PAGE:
Yet another creative figure on the scene is the current governor of Osun state, Senator Ademola Adeleke of the PDP. The Osun gubernatorial election was held on July 16, 2022, and he was declared the winner. The APC challenged the victory at the State Election Petition Tribunal. The three-man panel at that tribunal upturned the election and handed victory to former Governor Adegboyega Oyetola of the APC. Adeleke and the PDP promptly filed an appeal at the Court of Appeal, which has now ruled in favour of Adeleke, upholding his victory. The APC has vowed to go all the way to the Supreme Court. The current thing in Nigeria is to tell aggrieved election losers to go to court! Governor Adeleke says he is confident that the Supreme Court would rule in his favour. With Seyi Makinde of Oyo state having joined the G5, and former Governor Ayo Fayose of Ekiti aligned with the same group, the lot fell on Adeleke of Osun State to lead the PDP in the southwest. On February 25, he won Osun state for Atiku. On March 18, the PDP further won 25 out of the 26 seats in the Osun State House of Assembly, losing only in Boripe/Boluwaduro LGA where former Governor Oyetola hails from. But what is most noteworthy about Governor Adeleke is his passion for dancing. He became popular as a senator for his dancing prowess. He and his erstwhile colleague, Dino Melaye, turned dancing into a tool of political communication. I have it on good authority that the first day he reported for duty as governor, the civil servants of Osun asked him to dance for them.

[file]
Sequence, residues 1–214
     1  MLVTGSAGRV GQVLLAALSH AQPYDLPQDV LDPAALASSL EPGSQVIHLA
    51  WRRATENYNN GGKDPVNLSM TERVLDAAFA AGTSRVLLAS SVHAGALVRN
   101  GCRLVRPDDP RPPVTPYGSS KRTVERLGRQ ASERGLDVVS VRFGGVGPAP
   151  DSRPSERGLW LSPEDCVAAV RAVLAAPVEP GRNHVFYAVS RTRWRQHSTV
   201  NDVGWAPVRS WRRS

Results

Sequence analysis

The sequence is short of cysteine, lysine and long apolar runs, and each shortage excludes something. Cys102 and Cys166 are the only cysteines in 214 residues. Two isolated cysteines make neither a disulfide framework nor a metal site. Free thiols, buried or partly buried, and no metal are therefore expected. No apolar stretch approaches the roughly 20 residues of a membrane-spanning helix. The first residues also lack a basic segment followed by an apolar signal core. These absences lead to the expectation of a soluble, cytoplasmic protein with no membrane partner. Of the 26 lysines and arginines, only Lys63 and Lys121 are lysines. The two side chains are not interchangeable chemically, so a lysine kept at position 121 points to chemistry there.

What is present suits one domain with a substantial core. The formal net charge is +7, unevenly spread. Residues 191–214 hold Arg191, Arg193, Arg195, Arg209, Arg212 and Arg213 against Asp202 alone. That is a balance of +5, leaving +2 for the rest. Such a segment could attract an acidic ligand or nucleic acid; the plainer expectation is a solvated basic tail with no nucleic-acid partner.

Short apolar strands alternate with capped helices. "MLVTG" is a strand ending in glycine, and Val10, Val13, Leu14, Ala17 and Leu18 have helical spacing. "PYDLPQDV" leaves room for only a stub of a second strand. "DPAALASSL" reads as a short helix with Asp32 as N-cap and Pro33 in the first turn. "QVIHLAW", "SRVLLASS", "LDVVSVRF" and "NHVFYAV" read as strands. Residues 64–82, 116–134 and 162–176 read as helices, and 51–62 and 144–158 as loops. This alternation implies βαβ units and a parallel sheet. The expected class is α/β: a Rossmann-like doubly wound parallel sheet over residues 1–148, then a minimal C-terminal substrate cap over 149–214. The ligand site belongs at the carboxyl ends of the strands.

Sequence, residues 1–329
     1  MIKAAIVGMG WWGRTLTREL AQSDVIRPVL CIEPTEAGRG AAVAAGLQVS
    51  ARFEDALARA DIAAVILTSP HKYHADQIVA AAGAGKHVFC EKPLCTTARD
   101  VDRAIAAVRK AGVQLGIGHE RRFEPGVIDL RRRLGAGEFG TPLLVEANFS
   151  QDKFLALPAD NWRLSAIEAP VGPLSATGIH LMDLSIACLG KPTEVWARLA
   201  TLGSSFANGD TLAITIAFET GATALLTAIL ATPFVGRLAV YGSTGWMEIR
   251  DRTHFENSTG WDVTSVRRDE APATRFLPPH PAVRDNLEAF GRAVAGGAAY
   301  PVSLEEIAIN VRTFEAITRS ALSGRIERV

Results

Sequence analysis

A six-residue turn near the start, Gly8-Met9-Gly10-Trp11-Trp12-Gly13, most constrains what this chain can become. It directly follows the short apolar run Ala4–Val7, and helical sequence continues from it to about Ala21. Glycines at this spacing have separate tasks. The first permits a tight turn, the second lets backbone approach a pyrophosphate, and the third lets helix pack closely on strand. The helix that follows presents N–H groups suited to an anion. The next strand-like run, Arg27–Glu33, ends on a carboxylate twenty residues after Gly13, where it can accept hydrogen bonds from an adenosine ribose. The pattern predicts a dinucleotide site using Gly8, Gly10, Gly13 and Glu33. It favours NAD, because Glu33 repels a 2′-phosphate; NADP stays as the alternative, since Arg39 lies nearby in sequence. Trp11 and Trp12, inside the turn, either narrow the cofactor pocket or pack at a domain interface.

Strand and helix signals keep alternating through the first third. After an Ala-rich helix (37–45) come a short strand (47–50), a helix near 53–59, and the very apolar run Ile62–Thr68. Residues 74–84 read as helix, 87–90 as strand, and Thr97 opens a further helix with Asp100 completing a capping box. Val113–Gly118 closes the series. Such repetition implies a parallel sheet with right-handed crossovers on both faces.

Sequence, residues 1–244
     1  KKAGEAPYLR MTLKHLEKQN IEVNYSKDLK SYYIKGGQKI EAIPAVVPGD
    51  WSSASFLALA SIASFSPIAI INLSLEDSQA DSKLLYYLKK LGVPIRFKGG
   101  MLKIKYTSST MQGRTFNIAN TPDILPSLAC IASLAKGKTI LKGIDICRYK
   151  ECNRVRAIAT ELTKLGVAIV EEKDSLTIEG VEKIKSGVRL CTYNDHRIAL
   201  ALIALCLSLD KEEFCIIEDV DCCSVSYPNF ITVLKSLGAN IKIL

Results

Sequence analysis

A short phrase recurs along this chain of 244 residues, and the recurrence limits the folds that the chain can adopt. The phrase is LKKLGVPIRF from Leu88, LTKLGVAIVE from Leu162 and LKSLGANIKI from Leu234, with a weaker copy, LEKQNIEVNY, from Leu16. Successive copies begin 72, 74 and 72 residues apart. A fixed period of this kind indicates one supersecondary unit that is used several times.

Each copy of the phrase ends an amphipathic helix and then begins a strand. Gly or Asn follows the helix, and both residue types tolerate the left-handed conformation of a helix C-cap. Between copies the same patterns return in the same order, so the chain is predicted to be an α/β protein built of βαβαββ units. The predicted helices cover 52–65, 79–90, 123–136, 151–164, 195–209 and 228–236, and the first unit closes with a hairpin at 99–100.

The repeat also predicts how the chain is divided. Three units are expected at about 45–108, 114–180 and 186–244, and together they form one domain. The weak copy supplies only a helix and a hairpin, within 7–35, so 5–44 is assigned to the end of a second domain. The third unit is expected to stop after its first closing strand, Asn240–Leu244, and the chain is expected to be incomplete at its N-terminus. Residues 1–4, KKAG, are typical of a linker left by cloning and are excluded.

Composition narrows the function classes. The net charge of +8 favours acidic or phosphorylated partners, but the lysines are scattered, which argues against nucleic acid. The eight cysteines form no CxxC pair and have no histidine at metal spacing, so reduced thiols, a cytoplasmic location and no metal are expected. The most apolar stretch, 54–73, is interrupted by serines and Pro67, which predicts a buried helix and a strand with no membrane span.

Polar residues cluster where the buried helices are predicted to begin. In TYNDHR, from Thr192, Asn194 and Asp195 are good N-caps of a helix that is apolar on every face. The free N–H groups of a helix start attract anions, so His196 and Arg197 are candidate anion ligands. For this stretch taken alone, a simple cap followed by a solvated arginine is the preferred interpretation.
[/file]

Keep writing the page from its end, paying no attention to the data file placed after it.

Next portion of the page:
The Osun State Election Petition Tribunal in the lead judgement delivered by Justice Terse Kume, in fact, mocked him for always dancing to “Buga” – the song by Kiss Daniel. The Court of Appeal through Justice Mohammad Shuaibu while acknowledging that a judge can speak “obiter” was however of the view that this comment by the lower court was “uncalled for”. The truth is that Governor Adeleke loves to dance. He has even added drumming to it. There is a video in circulation showing him, in the company of others, drumming away with a Bandiri local drum. When he came to The Morning Show (TMS) on Arise TV on Monday, March 27, I had raised the question about dancing and drumming, and whether he is planning to launch a musical band, like his sons – B-Red and Sina Rambo – and his nephew, Davido. His response was that there is a time for everything, thus echoing Ecclesiastes 3: 1 – 11. He also quoted Shakespeare’s Macbeth. I was tempted to ask him to show our viewers a few dance steps. But I let him be. Without a doubt, he will be noted for the colour lent to contemporary politics by him and the likes of Dino Melaye – who has since added acrobatic falls to his displays and who now says he wants to be the next governor of Kogi state.